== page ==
Not yet released but you will definitely want to keep an eye on their website to grab some once it is. Very different in profile from the 2015. This wine is all about texture and hedonistic delights! Dark red in colour with medium+ body, medium tannins and plenty of mineral and spice to go with the dark cherry and plum fruit profile. Consumers may be divided as to which is the better vintage; the 2015 might be more old world with its finesse and the 2016 might be more new world with its power. Both are delicious examples of well-made Pinot Noir.
Excellent (Not yet released)
2011 Venturi-Schulze Brandenberg #3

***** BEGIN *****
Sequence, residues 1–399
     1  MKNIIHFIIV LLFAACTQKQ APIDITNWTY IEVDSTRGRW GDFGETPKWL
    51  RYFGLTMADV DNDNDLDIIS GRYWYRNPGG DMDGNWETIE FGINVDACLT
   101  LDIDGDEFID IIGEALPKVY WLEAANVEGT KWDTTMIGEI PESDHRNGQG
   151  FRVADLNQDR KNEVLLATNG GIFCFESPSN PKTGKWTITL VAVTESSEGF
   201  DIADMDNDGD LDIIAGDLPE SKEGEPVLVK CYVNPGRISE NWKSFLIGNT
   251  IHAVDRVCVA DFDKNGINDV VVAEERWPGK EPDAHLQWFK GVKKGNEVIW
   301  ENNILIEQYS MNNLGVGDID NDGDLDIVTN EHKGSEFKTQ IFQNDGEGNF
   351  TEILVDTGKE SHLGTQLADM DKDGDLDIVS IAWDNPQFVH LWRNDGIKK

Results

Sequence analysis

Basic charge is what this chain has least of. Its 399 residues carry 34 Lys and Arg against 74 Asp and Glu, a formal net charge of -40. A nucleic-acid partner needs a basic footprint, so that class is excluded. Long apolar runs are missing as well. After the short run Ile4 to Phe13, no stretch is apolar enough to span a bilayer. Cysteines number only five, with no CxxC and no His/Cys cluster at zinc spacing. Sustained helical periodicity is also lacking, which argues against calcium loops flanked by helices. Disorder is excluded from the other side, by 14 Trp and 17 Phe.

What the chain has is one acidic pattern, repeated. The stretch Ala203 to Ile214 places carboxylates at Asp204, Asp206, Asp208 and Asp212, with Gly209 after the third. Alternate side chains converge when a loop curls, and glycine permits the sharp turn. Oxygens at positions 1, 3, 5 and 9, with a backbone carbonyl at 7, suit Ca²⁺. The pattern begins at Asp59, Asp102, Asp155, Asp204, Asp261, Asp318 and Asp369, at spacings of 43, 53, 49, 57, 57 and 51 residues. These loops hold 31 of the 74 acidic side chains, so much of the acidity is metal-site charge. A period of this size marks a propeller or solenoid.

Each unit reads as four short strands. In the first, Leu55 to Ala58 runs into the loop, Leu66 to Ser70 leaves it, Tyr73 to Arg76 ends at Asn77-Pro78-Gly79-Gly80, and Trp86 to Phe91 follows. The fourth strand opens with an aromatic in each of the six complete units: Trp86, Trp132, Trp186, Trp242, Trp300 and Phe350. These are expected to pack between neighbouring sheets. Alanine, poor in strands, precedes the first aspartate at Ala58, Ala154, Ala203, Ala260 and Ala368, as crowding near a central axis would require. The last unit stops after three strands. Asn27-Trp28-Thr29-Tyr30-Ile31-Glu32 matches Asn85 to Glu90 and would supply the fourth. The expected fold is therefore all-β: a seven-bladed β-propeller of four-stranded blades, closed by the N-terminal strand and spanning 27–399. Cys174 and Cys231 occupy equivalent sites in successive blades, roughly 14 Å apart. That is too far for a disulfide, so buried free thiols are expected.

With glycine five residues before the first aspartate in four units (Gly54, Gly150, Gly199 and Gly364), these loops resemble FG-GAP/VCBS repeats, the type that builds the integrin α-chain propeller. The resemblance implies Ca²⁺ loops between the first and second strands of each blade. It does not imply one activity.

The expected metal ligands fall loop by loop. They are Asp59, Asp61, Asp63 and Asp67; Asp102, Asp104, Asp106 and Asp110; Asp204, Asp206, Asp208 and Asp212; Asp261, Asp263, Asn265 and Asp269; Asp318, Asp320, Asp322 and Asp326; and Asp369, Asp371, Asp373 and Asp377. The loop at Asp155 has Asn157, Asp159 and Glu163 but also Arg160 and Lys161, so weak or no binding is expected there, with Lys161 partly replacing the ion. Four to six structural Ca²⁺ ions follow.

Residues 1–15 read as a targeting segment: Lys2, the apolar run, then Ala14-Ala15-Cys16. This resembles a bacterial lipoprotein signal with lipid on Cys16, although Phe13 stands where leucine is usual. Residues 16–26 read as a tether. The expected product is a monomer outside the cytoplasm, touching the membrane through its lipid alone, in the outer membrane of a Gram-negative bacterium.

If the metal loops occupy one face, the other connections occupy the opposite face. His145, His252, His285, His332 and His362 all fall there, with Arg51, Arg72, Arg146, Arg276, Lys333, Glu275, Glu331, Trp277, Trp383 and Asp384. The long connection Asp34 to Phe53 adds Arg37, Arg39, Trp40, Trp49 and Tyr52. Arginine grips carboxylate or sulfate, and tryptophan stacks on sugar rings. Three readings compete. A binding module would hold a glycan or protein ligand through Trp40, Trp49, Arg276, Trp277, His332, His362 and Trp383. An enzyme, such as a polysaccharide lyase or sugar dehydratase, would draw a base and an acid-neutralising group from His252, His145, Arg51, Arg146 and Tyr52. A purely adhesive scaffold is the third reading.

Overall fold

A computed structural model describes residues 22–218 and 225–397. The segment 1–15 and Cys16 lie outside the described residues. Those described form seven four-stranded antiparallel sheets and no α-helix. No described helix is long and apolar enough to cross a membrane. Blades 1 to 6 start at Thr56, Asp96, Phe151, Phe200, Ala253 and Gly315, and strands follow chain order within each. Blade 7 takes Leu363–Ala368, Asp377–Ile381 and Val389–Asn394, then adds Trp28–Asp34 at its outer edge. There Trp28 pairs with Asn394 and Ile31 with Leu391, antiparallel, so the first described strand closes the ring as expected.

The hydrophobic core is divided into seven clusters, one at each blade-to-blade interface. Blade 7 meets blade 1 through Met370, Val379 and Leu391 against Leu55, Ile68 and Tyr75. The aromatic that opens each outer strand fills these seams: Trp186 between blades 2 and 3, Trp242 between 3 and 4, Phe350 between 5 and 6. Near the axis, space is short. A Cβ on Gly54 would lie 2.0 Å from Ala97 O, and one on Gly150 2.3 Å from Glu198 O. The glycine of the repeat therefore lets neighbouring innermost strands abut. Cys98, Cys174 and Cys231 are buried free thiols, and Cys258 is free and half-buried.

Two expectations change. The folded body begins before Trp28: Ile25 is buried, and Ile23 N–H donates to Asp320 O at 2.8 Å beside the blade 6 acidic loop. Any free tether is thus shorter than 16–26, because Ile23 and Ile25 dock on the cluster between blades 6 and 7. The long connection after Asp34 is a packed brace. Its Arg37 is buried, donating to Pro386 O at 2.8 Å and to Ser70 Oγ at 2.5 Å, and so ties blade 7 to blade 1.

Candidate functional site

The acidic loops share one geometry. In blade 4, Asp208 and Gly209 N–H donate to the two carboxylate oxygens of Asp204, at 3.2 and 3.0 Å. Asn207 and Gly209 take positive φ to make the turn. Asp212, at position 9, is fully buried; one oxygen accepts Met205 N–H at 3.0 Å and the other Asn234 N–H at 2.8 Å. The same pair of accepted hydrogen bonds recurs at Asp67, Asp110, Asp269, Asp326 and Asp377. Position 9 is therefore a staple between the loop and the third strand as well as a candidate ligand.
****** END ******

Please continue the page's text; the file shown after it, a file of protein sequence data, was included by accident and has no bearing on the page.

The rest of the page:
This is a completely delicious dessert wine that offers up sweet caramel and dark honey flavours on an unctuous body that richly envelopes your palate. This wine is all about pleasure and with just 8.8% alcohol, it is very easy to drink and surprisingly rich in texture. A real show-stopper!
Excellent+ ($36.60 at the winery)
4235 Vineyard Road
Cobble Hill, BC Canada
GPS coordinates: 48.7186446, -123.618936
Phone: (250) 743-5630